and then there is no need for the `to_additive`

version...

#### Scott Morrison (Apr 22 2021 at 05:34):

Hmm, that last suggestion sounds a bit un-mathlib-y, and will possibly make using `to_additive`

more of a struggle. I would just embrace `to_additive`

. :-)

#### Damiano Testa (Apr 22 2021 at 05:38):

Ok, I am not trying to push the explicit add/mul issue further, but another unification that would have arisen, is that you could dispense with left/right, since you could feed it `(+)`

, for the left add version, or `function.swap (*)`

, for the right mul version.

#### Damiano Testa (Apr 22 2021 at 05:42):

Anyway, my initial suggestion would be to simply add these typeclasses in a first PR and do nothing else.

I would relegate the removal of the existing typeclasses, replacing them with the ones above to a later PR.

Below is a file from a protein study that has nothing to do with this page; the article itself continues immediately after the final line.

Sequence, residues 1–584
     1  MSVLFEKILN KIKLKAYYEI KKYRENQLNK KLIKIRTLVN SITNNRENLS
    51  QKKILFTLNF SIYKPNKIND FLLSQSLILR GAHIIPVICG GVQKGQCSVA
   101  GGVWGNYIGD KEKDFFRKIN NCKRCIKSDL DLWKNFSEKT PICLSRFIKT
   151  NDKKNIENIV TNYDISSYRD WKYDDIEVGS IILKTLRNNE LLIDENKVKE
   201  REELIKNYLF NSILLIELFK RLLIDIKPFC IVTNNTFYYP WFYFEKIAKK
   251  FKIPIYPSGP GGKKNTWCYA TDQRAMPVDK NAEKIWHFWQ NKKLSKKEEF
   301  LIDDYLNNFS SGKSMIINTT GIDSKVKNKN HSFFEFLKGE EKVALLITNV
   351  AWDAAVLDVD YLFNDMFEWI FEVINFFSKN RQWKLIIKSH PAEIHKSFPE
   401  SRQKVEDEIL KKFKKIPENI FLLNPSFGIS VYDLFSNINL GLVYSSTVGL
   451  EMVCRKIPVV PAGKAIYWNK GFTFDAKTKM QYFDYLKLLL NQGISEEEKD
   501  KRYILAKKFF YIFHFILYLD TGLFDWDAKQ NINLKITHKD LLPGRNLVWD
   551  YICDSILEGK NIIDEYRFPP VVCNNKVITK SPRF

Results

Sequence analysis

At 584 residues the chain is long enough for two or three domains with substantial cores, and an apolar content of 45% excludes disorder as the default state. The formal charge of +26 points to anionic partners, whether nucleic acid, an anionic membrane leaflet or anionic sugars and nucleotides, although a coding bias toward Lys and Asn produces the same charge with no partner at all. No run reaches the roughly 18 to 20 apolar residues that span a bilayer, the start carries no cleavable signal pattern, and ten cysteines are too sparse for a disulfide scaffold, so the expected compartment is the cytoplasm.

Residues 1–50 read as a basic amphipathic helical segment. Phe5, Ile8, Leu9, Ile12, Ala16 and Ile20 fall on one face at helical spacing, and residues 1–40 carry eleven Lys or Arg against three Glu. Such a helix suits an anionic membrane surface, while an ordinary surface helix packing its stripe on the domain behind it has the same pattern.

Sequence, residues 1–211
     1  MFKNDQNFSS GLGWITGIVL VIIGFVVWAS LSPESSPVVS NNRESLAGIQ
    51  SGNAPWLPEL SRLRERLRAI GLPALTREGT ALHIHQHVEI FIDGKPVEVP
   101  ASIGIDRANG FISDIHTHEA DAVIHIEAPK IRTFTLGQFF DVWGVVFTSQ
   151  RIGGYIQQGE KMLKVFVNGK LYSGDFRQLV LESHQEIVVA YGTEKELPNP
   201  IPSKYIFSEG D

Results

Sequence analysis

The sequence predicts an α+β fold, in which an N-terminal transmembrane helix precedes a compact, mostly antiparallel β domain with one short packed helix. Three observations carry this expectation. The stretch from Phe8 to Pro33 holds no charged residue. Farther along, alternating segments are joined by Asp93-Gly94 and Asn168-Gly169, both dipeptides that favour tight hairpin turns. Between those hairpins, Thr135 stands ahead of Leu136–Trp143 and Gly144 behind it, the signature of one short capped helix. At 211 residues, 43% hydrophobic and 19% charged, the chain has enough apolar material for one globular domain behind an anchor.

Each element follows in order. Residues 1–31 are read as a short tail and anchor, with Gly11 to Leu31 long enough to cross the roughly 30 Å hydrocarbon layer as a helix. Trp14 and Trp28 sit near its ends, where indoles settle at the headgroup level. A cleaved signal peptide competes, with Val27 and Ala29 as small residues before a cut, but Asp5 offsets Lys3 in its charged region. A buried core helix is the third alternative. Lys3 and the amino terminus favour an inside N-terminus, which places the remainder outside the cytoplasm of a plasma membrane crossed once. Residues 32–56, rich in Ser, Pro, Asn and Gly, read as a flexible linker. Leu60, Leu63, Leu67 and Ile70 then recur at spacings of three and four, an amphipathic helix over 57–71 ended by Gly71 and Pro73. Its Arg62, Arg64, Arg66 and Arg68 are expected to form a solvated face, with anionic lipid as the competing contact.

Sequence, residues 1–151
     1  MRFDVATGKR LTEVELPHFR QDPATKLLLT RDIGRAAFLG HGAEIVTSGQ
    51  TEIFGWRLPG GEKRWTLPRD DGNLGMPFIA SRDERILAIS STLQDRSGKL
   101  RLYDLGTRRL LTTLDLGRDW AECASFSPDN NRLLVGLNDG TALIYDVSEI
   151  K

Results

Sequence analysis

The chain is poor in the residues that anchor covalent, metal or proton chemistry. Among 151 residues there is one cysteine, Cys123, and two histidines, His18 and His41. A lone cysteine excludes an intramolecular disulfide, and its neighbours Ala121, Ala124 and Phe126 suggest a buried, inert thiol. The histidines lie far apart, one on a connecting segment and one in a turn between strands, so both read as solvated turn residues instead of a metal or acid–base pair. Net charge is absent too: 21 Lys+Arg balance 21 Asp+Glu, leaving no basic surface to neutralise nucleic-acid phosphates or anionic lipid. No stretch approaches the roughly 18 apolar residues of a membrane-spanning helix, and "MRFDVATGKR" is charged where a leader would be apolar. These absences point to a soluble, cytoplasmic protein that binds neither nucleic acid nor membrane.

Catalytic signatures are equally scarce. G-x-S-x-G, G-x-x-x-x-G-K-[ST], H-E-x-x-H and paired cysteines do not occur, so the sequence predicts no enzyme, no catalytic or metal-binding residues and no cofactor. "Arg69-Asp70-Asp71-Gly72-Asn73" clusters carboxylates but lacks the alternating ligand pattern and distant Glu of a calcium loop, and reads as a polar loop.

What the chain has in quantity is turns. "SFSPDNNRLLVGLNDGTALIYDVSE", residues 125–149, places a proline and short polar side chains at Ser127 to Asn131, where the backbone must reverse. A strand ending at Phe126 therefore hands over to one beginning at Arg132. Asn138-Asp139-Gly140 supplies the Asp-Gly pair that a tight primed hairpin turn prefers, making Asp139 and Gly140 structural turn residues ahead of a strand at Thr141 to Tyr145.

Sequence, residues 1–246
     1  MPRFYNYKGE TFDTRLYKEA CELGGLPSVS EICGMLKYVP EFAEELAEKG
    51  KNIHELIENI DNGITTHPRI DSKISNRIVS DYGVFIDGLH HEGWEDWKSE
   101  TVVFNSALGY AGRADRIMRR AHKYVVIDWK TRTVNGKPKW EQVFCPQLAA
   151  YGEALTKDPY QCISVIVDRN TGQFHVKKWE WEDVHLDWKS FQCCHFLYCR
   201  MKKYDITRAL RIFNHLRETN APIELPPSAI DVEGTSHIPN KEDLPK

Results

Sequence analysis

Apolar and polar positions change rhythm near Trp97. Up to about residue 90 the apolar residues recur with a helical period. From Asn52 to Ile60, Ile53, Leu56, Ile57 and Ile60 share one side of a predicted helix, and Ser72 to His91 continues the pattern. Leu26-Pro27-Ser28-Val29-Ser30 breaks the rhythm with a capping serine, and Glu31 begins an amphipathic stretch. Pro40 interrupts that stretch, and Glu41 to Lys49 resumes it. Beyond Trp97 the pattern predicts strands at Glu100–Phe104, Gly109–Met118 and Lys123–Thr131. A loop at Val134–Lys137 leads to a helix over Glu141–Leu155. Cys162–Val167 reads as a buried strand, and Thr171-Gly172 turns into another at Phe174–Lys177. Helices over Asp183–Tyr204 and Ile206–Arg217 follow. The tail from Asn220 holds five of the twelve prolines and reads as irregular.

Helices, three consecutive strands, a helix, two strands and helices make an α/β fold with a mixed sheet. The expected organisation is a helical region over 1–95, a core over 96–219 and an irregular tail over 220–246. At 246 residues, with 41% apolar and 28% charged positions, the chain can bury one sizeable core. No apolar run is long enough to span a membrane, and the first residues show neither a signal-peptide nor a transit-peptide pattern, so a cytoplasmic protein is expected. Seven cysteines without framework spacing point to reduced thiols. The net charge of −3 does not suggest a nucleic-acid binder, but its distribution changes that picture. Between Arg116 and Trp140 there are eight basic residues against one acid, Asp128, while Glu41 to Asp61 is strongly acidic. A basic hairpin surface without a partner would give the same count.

The only issue that I see at the moment with this plan is that the new `ordered_semiring`

would clash with the old one. Would calling the new one `ordered_add_mul`

be a better name?

#### Scott Morrison (Apr 22 2021 at 06:52):

I don't think we would want to add these new typeclasses unless we knew they were actually going to work, so I'm not sure it makes sense to do this in separate PRs.

#### Sebastien Gouezel (Apr 22 2021 at 08:01):

Damiano Testa said:

Here is a first attempt at setting up this proposal:

`import tactic.ring set_option old_structure_cmd true namespace ordered_proposal class ordered_left_mul (α : Type*) extends has_mul α, has_le α, has_lt α := (mul_le_mul_left : ∀ (a b c : α), a ≤ b → c * a ≤ c * b) (lt_of_mul_lt_mul_left : ∀ (a b c : α), a * b < a * c → b < c)`

There is a problem with this definition that you are embedding a multiplication in this class. So, if you require `[ring α] [linear_order α] [ordered_left_mul α]`